Some two years later, this child lay dead in one of the poor tenement buildings and the parents called for the kind hearted pastor, who had befriended their daughter, to handle the final arrangements. As her poor little body was being moved, a worn and crumpled purse was found which seemed to have been rummaged from some trash dump. Inside was found 57 cents and a note scribbled in childish handwriting which read, “This is to help build the little church bigger so more children can go to Sunday school. For two years she had saved for this offering of love. When the pastor tearfully read that note, he knew instantly what he would do. Carrying this note and the cracked, red pocketbook to the pulpit, he told the story of her unselfish love and devotion. He challenged his deacons to get busy and raise enough money for the larger building.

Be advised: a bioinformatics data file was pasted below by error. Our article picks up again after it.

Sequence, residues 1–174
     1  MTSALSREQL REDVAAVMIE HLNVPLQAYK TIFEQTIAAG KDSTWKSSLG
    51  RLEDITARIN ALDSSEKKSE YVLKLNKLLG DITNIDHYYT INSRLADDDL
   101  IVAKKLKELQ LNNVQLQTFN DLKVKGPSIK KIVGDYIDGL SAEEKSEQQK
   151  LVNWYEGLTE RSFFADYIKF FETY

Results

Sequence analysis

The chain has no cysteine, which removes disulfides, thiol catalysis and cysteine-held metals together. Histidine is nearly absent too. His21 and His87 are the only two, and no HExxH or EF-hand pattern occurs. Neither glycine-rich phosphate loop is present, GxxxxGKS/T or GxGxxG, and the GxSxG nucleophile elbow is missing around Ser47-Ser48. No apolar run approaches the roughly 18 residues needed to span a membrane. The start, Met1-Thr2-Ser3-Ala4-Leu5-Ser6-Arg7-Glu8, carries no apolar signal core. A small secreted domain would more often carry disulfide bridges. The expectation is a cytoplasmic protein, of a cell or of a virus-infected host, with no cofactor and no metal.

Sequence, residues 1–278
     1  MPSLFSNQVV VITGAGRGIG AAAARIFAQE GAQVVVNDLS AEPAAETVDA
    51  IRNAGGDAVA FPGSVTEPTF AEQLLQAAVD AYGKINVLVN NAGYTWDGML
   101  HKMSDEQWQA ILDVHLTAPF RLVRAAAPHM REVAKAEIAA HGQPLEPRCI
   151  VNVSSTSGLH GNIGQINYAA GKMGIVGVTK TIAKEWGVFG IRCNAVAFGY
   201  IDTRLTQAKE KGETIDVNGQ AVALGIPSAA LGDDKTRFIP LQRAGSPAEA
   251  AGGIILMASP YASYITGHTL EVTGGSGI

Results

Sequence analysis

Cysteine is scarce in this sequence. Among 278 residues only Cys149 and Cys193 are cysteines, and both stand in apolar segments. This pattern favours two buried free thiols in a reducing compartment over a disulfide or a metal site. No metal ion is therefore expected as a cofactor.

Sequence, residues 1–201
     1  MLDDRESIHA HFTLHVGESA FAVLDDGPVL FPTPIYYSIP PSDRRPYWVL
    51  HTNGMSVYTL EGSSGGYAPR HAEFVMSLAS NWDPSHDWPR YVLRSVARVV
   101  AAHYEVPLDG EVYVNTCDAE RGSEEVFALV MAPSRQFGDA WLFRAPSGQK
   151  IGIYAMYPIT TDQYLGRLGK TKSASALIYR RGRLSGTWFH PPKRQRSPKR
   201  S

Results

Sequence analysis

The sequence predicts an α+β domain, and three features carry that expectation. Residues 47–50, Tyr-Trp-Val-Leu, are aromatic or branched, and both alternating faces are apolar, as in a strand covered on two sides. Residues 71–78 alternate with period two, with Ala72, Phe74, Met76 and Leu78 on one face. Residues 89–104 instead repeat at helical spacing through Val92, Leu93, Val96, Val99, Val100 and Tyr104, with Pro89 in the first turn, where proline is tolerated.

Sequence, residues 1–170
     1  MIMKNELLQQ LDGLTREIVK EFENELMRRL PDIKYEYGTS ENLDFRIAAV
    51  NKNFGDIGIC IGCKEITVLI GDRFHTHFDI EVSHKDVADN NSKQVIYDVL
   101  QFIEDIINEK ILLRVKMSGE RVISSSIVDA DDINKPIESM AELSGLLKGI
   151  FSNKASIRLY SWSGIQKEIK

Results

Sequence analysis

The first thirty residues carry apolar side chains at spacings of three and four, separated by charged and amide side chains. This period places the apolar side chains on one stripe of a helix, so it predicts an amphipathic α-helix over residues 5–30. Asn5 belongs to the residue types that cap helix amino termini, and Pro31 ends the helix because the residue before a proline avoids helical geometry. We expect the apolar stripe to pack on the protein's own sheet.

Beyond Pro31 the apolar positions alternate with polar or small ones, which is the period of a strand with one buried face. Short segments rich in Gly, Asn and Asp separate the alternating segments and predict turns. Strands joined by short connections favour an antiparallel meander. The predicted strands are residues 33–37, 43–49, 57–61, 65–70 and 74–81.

But the story does not end there! A newspaper learned of the story and published it. It was read by a Realtor who offered them a parcel of land worth many thousands. When told that the church could not pay so much, he offered it for 57 cents. Church members made large donations. Checks came from far and wide. Within five years the little girl’s gift had increased to $250,000.00 a huge sum for that time (near the turn of the century). Her unselfish love had paid large dividends.

When you are in the city of Philadelphia, look up Temple Baptist Church, with a seating capacity of 3,300 and Temple University, where hundreds of students are trained. Have a look, too, at the Good Samaritan Hospital and at a Sunday School building which houses hundreds of Sunday scholars, so that no child in the area will ever need to be left outside during Sunday school time. In one of the rooms of this building may be seen the picture of the sweet face of the little girl whose 57 cents, so sacrificially saved, made such remarkable history. Alongside of it is a portrait of her kind pastor, Dr. Russel H. Conwell, author of the book, “acres of Diamonds”—a true story. It goes to show you “What God CAN Do With 57 Cents.”